While working at the clinic, I couldn’t help but take special interest in certain patients, a child with a strange skin condition, young men with infected leg wounds, a deranged old woman rambling about her donkey, a crippled toothless old man delivered in a donkey cart, a woman in a coma, a man bitten by a snake. I made it my business to track their progress.
On Wesnesday morning I was summoned by a young man who led me to his mother. He lifted he tunic to expose a raw mass on her breast. It looked very much like the external form of terminal breast cancer, which had killed my mother.
I asked if she had the paper from the nurse authorizing her to be seen by Dr. Skankey. In very understandable English he told me she did, Number 93. Even though they had been waiting since yesterday, I told him it would still be a while before she was seen, due to the large volume of patients.
I was impressed that this dedicated young man had driven all the way across the roadless desert from Algeria (1000k) to pick up his mother from a local nomad camp and bring her to the clinic. He had heard about our “good doctors” via cell phone.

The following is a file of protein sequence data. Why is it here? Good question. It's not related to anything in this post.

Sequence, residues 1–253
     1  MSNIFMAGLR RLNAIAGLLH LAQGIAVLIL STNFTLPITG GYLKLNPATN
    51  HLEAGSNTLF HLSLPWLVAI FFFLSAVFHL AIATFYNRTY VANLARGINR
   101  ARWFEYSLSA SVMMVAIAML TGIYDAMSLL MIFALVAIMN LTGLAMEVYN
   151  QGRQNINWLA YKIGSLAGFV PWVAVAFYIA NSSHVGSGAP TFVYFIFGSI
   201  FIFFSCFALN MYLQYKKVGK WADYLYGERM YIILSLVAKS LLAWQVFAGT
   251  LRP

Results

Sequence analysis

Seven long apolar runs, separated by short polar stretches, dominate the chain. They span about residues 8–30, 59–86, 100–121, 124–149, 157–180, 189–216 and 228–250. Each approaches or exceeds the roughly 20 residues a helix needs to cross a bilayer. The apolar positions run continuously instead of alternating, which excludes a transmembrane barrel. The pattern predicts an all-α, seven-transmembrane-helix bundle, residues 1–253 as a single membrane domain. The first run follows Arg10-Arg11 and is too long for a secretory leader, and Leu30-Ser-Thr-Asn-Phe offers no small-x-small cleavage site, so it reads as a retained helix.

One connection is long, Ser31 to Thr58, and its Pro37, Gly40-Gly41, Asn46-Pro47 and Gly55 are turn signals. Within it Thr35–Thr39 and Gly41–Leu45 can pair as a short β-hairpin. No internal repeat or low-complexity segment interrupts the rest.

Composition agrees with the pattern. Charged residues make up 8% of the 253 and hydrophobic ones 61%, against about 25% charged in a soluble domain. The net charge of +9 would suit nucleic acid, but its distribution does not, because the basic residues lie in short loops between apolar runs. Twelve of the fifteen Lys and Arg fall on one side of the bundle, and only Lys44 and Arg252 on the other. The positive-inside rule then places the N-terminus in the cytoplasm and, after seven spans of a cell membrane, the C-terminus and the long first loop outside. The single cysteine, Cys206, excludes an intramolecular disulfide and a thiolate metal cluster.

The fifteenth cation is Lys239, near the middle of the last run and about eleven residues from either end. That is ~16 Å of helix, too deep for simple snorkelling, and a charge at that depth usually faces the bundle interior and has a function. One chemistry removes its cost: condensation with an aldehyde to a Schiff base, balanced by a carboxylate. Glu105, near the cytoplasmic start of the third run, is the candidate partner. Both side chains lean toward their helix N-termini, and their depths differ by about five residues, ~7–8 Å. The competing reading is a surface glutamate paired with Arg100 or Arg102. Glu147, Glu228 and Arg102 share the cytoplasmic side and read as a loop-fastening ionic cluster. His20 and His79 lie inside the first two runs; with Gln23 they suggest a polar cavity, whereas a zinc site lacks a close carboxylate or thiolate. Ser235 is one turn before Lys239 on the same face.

The woman was one of the the last patients Dr. Skankey saw that day. He confirmed breast cancer. It had probably metastasized from another area and was most likely too late for anything but palliative treatment. He referred her to the hospital in Agadez, 3 hours away.
Even though this woman was 61 and lived as a nomad in a tent among camels goats, sheep and donkeys, and my mother had died at 88 in her comfortable western home, there were similarities – breast cancer, and when this woman eventually passes on she too will be surrounded by family.
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